Two immunologically distinct forms of hepatitis are generally recognized at present, although it is not known whether they represent different diseases or variant forms of a single disease. The relationship between them is obscure. An attack of infectious hepatitis confers homologous immunity, and this disease may be prevented by the administration of normal immune globulin. In contrast, the status of homologous immunity in serum hepatitis is equivocal, and attempts to prevent it by the administration of normal immune globulin have usually been unsuccessful. Epidemiologic and experimental evidence indicates that there is no cross immunity between the infections caused by viruses A and B. The prevention of infectious hepatitis is concerned with improvement in sanitation, the avoidance of fecal contamination of food and water, and the prohibition of persons who are potentially infected from acting as food handlers. Because of the carrier rate and the relative resistance of hepatitis virus to heat and other physical and chemical agents, it has been recommended that every parenteral penetration be performed with instruments sterilized by boiling in water for 30 minutes, or with steam under increased pressure (15 to 20 lb.) for 20 minutes, or with dry heat (180 C for one hour).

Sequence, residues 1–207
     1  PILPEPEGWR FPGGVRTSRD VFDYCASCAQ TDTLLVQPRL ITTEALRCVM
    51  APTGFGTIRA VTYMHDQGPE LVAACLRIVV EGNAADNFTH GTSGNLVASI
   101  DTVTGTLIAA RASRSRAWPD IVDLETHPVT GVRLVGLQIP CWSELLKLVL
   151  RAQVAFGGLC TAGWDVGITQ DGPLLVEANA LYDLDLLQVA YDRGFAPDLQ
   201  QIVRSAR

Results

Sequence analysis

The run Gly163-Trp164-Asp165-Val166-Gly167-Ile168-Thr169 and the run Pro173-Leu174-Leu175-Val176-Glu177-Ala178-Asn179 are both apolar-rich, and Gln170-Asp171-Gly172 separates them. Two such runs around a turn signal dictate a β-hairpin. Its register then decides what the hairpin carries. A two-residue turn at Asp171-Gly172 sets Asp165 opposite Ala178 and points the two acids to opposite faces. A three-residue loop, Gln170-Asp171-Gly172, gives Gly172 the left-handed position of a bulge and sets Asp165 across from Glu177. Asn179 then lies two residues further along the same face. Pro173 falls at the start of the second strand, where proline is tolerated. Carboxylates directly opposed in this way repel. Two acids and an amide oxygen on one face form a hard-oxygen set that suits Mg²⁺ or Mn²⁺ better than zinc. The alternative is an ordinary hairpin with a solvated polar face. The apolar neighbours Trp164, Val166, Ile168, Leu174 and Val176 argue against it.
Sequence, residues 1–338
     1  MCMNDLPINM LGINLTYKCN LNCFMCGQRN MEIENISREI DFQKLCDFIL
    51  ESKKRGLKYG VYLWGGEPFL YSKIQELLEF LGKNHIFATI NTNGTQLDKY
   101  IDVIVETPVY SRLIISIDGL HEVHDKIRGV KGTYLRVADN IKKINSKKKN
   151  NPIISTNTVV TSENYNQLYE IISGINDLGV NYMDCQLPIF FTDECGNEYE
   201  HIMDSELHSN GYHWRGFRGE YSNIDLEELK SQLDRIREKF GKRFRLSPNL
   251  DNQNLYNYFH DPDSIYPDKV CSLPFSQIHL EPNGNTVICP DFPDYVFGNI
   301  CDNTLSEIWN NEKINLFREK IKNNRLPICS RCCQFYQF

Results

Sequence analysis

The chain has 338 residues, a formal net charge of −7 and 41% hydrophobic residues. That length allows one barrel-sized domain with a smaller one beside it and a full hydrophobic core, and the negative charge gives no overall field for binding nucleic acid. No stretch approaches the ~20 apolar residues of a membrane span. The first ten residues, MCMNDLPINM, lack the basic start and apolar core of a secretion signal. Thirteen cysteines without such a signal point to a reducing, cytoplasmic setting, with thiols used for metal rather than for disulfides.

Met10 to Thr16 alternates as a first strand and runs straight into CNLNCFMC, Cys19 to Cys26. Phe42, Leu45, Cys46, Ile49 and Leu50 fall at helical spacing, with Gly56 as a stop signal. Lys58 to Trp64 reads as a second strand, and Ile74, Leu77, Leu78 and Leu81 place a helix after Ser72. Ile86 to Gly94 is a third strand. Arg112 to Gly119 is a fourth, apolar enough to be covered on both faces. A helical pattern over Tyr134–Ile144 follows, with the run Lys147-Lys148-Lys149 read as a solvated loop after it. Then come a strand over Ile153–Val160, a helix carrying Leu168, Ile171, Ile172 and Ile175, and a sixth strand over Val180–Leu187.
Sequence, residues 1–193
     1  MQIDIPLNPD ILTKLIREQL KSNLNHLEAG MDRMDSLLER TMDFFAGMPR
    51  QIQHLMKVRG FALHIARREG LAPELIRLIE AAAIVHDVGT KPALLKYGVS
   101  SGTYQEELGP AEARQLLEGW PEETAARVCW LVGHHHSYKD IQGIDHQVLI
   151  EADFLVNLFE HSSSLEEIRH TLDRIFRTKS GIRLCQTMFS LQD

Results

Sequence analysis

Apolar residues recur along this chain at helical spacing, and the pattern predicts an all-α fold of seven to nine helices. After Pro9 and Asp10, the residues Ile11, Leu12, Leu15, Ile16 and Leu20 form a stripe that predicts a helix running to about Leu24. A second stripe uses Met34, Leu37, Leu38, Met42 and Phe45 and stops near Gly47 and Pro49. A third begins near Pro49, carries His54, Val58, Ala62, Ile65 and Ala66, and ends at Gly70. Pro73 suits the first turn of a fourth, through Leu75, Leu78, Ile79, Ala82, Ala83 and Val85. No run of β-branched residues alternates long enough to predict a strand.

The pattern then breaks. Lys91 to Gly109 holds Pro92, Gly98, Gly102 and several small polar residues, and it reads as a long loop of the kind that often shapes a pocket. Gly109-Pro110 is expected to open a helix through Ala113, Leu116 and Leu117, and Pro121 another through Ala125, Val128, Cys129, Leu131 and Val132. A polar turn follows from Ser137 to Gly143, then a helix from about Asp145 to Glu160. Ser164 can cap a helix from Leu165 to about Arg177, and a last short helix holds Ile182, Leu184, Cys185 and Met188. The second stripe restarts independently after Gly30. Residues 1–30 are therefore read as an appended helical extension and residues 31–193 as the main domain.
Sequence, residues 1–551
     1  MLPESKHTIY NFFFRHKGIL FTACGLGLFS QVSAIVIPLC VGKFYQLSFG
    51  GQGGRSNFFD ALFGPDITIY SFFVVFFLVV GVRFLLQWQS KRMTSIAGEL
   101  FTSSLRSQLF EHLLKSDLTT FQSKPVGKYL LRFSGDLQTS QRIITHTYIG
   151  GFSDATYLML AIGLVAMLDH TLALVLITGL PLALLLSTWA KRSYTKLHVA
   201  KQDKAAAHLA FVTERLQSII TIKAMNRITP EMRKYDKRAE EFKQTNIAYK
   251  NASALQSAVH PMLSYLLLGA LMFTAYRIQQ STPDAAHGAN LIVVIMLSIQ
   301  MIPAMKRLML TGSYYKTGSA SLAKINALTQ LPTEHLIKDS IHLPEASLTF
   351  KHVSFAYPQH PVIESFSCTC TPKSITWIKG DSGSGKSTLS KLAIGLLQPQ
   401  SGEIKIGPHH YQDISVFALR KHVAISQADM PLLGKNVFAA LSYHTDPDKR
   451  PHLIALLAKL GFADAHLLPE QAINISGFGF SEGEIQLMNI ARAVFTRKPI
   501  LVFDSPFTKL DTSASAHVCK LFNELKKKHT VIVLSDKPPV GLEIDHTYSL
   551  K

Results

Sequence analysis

Havens WP. ETIOLOGY AND EPIDEMIOLOGY OF VIRAL HEPATITIS. JAMA. 1957;165(9):1091–1095. doi:10.1001/jama.1957.02980270001001
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